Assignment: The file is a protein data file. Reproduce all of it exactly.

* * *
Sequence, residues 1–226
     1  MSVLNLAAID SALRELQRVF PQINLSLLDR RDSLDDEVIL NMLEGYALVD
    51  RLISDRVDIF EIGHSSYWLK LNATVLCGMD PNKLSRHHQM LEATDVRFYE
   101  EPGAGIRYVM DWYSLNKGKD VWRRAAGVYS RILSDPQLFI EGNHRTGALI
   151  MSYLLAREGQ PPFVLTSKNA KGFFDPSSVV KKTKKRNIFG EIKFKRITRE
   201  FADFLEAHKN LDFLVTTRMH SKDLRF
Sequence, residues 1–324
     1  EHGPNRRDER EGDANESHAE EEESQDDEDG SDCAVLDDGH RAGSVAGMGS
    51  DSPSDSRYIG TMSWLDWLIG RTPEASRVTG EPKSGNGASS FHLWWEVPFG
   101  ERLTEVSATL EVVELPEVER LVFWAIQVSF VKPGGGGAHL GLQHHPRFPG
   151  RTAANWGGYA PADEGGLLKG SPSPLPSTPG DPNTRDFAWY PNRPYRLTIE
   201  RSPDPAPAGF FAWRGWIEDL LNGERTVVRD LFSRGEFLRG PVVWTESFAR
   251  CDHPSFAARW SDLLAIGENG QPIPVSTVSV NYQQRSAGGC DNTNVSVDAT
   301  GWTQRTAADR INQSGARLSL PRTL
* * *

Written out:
Sequence, residues 1–226
     1  MSVLNLAAID SALRELQRVF PQINLSLLDR RDSLDDEVIL NMLEGYALVD
    51  RLISDRVDIF EIGHSSYWLK LNATVLCGMD PNKLSRHHQM LEATDVRFYE
   101  EPGAGIRYVM DWYSLNKGKD VWRRAAGVYS RILSDPQLFI EGNHRTGALI
   151  MSYLLAREGQ PPFVLTSKNA KGFFDPSSVV KKTKKRNIFG EIKFKRITRE
   201  FADFLEAHKN LDFLVTTRMH SKDLRF
Sequence, residues 1–324
     1  EHGPNRRDER EGDANESHAE EEESQDDEDG SDCAVLDDGH RAGSVAGMGS
    51  DSPSDSRYIG TMSWLDWLIG RTPEASRVTG EPKSGNGASS FHLWWEVPFG
   101  ERLTEVSATL EVVELPEVER LVFWAIQVSF VKPGGGGAHL GLQHHPRFPG
   151  RTAANWGGYA PADEGGLLKG SPSPLPSTPG DPNTRDFAWY PNRPYRLTIE
   201  RSPDPAPAGF FAWRGWIEDL LNGERTVVRD LFSRGEFLRG PVVWTESFAR
   251  CDHPSFAARW SDLLAIGENG QPIPVSTVSV NYQQRSAGGC DNTNVSVDAT
   301  GWTQRTAADR INQSGARLSL PRTL